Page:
Sunday, March 21, 2010
Sunday, March 14, 2010
Comfort left her homeport of Baltimore, Md. in record time after receiving orders to make best speed to Haiti to provide medical aid to victims of the 7.0 magnitude earthquake that struck Jan. 12. The ship’s crew admitted their first patients three days after deploying and, following 49 days of operations off the coast of Port-au-Prince, had provided care to 794 Haitian nationals suffering from injuries ranging from crushed limbs to gangrenous wounds.
“What people did will affect medicine for a long time,” said Capt. James Ware, commanding officer of the medical treatment facility aboard Comfort. “People’s experiences and the lessons they learned will affect the way we treat earthquake related injuries in the future. I am very proud of the crew.”
A large part of Comfort’s medical efforts were devoted to surgeries. It took more than doctors, nurses and corpsmen to ensure that the 843 surgeries performed were successful, though. More than 1,400 Navy medical professionals and support personnel, ranging from culinary specialists to engineers, came together with civil mariners and nongovernmental volunteers to provide critical support to the multinational effort in Haiti.
The USAID-led mission in partnership with the government of Haiti presented a number of unique challenges. One of these was the communication barrier that existed between attending physicians and their patients.
“The ship initially had about ten people on board to help with translating,” said Chief Navy Career Counselor (SW) Marcel Blanfort, who headed up the translation department. “However, the commanding officer knew that the mission was of a greater scale.”
Seventy-five Sailors and one Marine from 39 military commands joined their shipmates along with 88 Red Cross volunteers, all French or Creole speaking, to bridge the gap. They interacted with patients and the medical staff aboard daily, working in the casualty receiving area, the operating rooms and after care wards where patients were brought following treatment.
“I was really glad to come down and help,” said Hospital Corpsman 3rd Class Yves Henry, a surgical technician and translator from Naval Medical Center Portsmouth, Va. “We came and helped to the best of our ability. Some of the people that we helped would have died if we didn’t come.”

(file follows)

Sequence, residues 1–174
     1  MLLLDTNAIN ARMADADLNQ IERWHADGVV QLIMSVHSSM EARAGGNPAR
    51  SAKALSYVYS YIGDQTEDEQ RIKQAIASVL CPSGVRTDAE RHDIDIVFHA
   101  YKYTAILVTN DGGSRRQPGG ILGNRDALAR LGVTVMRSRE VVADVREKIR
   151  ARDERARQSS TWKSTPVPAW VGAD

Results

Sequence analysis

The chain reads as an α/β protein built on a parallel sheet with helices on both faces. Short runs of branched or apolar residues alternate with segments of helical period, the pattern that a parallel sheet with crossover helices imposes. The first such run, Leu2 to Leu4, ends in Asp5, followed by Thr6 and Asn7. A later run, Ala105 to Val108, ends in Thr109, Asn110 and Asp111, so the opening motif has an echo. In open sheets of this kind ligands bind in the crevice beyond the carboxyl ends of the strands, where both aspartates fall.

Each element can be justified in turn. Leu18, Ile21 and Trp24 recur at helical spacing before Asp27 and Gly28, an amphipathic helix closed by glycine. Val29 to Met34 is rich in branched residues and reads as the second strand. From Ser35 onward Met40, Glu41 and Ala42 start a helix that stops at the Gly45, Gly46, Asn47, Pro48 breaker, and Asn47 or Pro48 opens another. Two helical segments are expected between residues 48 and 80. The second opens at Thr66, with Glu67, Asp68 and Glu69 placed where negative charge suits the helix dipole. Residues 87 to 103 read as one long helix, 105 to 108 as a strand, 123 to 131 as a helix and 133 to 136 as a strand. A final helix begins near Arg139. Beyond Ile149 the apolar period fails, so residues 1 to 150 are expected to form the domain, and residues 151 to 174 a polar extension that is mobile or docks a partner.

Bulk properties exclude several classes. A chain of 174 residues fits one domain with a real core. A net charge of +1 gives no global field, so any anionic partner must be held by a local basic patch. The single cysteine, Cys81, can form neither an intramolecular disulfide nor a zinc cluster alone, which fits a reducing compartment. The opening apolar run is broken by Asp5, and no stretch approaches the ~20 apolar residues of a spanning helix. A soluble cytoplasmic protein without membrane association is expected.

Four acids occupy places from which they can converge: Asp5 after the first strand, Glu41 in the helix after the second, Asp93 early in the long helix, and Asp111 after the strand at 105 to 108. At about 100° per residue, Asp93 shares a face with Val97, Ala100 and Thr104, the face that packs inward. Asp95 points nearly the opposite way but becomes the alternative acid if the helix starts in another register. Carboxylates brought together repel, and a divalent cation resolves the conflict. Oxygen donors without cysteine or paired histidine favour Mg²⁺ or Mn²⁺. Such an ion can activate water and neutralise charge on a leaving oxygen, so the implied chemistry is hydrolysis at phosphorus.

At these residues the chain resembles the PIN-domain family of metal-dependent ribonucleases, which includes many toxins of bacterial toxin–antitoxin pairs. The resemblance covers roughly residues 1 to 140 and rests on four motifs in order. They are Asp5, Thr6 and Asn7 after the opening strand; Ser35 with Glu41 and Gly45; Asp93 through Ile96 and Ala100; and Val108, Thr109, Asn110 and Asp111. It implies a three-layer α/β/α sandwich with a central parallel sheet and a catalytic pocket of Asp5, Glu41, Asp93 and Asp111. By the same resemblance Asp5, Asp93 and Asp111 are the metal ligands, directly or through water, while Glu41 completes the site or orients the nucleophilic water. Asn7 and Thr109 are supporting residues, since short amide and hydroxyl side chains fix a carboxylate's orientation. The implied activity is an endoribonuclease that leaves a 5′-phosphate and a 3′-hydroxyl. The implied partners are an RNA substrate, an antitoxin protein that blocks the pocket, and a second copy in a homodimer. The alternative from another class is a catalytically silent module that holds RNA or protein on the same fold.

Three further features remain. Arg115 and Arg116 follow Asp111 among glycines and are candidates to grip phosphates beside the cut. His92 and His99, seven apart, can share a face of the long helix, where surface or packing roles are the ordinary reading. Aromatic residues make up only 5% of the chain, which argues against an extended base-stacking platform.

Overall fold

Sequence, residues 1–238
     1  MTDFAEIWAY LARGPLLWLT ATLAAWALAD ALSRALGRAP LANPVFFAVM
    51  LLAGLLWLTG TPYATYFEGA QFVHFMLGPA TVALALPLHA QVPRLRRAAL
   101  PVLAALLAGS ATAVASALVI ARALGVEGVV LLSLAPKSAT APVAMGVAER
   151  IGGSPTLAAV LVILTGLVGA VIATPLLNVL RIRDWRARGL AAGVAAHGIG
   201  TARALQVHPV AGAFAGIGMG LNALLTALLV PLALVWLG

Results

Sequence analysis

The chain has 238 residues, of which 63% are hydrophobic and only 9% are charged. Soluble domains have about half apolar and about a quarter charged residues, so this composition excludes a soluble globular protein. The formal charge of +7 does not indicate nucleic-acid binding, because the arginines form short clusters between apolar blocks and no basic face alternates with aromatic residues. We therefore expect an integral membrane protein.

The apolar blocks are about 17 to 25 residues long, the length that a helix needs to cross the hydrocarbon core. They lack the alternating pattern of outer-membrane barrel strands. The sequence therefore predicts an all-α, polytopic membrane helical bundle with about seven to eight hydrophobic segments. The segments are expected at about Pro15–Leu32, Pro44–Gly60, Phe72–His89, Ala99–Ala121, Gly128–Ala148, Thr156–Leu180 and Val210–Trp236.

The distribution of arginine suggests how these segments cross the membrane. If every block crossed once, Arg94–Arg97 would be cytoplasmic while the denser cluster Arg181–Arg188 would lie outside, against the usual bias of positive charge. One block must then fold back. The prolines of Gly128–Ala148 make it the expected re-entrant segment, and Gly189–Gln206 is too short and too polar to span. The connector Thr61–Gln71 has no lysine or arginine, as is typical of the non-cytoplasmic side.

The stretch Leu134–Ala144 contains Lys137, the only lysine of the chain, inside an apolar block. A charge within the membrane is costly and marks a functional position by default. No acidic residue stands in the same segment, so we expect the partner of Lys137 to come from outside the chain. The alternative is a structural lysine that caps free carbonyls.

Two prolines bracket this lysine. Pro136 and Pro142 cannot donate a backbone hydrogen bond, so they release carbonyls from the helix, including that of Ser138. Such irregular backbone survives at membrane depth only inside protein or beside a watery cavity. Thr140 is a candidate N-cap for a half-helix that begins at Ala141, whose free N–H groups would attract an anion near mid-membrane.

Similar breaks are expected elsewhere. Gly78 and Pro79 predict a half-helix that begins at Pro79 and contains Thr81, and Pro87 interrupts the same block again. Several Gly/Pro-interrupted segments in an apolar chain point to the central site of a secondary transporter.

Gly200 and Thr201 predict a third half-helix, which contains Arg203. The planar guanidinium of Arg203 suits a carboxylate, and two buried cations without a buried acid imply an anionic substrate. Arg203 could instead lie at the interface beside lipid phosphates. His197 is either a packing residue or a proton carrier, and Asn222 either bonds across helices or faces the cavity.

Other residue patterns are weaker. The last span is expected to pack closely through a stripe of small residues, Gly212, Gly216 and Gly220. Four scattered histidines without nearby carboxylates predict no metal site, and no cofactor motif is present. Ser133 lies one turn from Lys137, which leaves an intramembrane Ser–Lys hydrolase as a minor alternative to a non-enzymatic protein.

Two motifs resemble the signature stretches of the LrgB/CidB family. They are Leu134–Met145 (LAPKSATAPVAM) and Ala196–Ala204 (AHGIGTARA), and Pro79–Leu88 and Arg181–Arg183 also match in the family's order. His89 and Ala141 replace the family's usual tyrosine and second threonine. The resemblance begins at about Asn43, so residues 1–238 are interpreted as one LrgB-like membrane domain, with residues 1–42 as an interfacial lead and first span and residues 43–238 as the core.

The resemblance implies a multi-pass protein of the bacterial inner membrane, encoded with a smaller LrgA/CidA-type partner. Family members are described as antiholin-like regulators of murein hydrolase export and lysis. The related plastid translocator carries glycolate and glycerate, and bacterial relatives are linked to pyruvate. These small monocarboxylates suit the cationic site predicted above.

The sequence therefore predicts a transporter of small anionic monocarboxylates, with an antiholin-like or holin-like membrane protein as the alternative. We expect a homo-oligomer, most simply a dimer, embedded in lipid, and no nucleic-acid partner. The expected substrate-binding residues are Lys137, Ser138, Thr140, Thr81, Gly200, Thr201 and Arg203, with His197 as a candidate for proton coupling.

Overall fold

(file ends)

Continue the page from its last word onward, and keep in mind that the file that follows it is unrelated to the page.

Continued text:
Now, eight weeks after their humanitarian mission began, Comfort’s crew is ready for a well-deserved reprieve.
“I’m excited about going home,” said Master-at-Arms 2nd Class Vanal Lamour. “It will be nice to take some time to relax a little.”
Many of the personnel embarked with Comfort will leave the ship in Norfolk before the remaining crew continues their trek to Baltimore.
“It is all the support from people at home that helped to make this possible,” said Capt. Rodelio Laco, commodore, Task Group 41.8, who provided operational oversight aboard Comfort. “I would be proud to serve with any of these Sailors, any time, any where.”
Tuesday, March 9, 2010
Saturday, February 27, 2010
Saturday, February 20, 2010
Friday, February 19, 2010
On Monday, Sailors from the pastoral care department brought toys and clothes to children who are being treated at the University of Miami Field Hospital.
Volunteers there greeted our Sailors with open arms and welcomed their desire to help. The head volunteer RN there said, “The kids get bored and [the Sailors] play with them so that leaves more time to attend to the really sick ones, the ones who can’t get out of bed.”
Chaplian Joe Molina organized the day’s events, working with St. Margaret Mary’s Catholic School in Winter Part, Fla. Kids from the school donated toys, clothes, games and books to patients to help ease the transition of a country in ruins to one being reborn. Their generosity came at a time when leisure diversions are scarce in the Haiti.
The items were originally intended for patients being treated aboard Comfort, but the donations were so bountiful, Molina had more than enough to distribute them to other children in need.
Everyone who participated said they really enjoyed the opportunity to provide something for the kids there to help ease there troubles in some small way.